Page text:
In January 1943, after fracturing his jaw during a regimental football match, Alun Lewis spent 6 weeks in Poona Hospital. In this blog post, Maggie Evans, whose father lay injured in Poona in the bed next to Lewis’, tells the true story behind the poem ‘Burma Casualty’.
As a child, “My Dad’s in a poem”, was my default position when any Dad boasting was called for. “Don’t believe you”, was the usual reply, but here I had them. I could run to the shelf and produce the evidence. There, in a slim volume entitled Ha! Ha! Among the Trumpets, was the poem, entitled ‘Burma Casualty’ and even more exciting, with a dedication – To Capt. G. T. Morris, Indian Army – My Dad!
It was years before I actually read the poem and even longer before I was capable of understanding it, but the magic of a special poem about my own special Dad has never faded.
Dad was born on 12th July 1911 in the Eastern Valley of South Wales. His given names were Thomas Griffiths but he was always known as “Griff”. To me and my two older brothers he was just our Dad, and the fact that he had one stiff leg shorter than the other and had to wear funny, built up shoes was of no consequence. We were children of the Second World War and post War period – war wounds were common. Dad didn’t ever let this hamper him. He wouldn’t accept a Disabled Badge for instance, and wouldn’t countenance anyone thinking of him in this way. He carried us on his shoulders and took us swimming and walking just like any other Dad and so I never fully understood the extent of his injuries until recently, when following a house move, I found bundles of his letters and photographs from that time. Reading the letters he sent from hospital in Poona sent me straight back to the poem – and now for perhaps the first time I was able to understand it.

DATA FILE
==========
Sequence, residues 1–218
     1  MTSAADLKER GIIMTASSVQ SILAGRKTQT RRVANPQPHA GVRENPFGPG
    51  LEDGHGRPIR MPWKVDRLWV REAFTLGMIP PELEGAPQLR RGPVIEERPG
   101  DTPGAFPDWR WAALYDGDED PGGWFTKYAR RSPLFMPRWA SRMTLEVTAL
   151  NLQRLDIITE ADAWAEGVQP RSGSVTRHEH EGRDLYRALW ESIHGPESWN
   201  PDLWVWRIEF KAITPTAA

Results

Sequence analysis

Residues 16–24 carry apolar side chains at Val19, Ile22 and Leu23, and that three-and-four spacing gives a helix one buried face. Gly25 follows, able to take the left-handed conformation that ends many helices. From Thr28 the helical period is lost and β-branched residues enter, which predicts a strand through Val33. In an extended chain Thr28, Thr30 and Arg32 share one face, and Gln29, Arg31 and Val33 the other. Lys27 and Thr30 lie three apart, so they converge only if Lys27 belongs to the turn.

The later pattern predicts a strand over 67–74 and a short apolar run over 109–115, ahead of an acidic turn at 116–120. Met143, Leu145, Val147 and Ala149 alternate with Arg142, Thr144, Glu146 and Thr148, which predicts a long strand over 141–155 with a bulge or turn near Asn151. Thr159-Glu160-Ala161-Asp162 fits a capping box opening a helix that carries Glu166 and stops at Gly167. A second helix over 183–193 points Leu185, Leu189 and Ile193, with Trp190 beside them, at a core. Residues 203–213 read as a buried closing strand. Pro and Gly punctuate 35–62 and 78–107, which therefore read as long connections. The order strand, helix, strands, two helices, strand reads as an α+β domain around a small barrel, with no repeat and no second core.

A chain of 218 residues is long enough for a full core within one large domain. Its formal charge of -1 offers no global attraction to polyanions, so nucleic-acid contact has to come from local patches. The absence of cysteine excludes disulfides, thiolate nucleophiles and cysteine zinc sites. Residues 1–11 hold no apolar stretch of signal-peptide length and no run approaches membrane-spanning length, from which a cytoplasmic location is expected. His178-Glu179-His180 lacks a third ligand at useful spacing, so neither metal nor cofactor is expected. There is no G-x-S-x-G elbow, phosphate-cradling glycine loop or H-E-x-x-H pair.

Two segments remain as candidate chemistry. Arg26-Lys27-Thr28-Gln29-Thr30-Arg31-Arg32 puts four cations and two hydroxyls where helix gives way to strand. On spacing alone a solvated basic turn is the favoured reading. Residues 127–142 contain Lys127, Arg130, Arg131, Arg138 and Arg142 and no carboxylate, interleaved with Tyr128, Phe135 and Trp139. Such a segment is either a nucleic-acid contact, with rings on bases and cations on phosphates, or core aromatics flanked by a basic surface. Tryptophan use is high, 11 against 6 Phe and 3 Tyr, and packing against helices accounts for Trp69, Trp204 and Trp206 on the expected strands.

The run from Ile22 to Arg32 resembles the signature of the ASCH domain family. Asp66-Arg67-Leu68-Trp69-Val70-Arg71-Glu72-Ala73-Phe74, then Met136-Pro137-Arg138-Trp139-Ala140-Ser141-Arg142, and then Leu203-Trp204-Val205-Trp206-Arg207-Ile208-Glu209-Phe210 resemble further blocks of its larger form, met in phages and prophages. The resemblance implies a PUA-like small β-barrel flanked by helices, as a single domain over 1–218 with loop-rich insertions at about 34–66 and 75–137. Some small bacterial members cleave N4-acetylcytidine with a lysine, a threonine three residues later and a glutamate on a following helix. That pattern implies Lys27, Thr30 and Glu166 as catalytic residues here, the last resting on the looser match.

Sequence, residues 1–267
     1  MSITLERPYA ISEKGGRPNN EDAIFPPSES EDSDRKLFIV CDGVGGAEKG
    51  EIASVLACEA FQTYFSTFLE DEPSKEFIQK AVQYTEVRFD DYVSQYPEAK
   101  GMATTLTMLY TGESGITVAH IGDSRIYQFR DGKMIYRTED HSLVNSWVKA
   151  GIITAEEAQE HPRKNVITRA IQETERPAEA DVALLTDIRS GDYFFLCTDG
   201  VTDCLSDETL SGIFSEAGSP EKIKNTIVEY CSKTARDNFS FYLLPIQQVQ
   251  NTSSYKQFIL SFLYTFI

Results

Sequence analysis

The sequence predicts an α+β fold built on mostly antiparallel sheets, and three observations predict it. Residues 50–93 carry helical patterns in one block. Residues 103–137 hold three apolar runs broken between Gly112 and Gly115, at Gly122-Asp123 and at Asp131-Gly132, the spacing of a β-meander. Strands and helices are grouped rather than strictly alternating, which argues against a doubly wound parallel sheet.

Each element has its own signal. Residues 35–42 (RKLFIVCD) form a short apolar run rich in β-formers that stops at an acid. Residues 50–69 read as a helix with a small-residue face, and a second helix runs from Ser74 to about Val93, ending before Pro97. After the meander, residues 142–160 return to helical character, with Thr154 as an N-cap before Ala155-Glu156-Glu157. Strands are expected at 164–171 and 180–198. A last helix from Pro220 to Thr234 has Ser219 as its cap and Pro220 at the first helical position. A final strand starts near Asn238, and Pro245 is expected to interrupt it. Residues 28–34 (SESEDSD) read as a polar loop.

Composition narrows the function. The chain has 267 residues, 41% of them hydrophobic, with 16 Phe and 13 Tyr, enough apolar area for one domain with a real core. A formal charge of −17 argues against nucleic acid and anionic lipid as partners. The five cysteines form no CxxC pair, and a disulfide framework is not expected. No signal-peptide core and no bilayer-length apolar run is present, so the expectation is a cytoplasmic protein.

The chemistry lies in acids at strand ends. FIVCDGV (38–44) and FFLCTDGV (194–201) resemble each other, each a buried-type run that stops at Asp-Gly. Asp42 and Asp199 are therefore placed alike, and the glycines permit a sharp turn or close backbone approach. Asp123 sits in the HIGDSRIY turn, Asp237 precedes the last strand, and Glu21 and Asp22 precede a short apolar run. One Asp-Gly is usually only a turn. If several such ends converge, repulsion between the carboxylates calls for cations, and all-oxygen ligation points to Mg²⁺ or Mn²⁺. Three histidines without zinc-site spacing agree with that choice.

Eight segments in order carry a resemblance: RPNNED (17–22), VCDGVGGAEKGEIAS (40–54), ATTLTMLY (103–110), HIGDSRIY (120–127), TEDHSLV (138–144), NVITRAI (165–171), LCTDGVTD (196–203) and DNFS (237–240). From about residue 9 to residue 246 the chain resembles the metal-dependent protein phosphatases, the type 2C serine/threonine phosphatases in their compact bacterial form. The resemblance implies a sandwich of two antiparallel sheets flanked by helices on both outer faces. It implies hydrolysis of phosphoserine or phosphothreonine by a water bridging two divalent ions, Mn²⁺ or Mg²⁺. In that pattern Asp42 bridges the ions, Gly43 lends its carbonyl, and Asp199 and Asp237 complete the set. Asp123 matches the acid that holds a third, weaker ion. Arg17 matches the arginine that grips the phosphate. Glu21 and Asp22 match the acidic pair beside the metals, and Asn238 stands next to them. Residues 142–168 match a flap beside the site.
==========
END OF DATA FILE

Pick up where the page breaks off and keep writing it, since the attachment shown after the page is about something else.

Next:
In February 1942 Dad was fighting in the Burma Campaign with the 17th Indian Division which was decimated at the Battle of Sittang Bridge during a retreat from the Japanese. He was badly wounded, carried off the bridge by unknown hands, and ended up in hospital in Poona where he remained until late 1943. Earlier that year he had for six weeks a new neighbouring bedfellow – one Alun Lewis, also a Welshman, who had sustained a shattered jaw in a football match. The sharing of his experiences with Alun resulted in ‘Burma Casualty’.
Re-reading the poem now reveals how much Dad shared with Alun of his pain and fear – showing that at times he might have welcomed death as a release from his own physical pain and from the loss of so many comrades.
But his letters to his sister from the same time show that as he recovered, his focus was on re-stablishing his family life with my Mum, his childhood sweetheart, and my oldest brother, born in 1940, whom he had never met. He resisted Death, the ‘beautiful singing sexless angel’, preferring ‘his wife’s sweet body and her wilful eyes’ (though, like any child, however advanced in age, I confess to being unable to think of my mother in these terms without feeling slightly queasy!)
Dad never spoke of his experiences of jungle warfare and rarely mentioned his time in hospital. When pressed, he spoke of his friend, Alun Lewis, as something of a tortured soul. As an adult I have come to understand and love Alun’s poetry, not because he allowed my childhood self to hold its own on the boasting front, but for his luminous verse with its dark undercurrents. I can now say with pride, “my Dad knew a true poet’.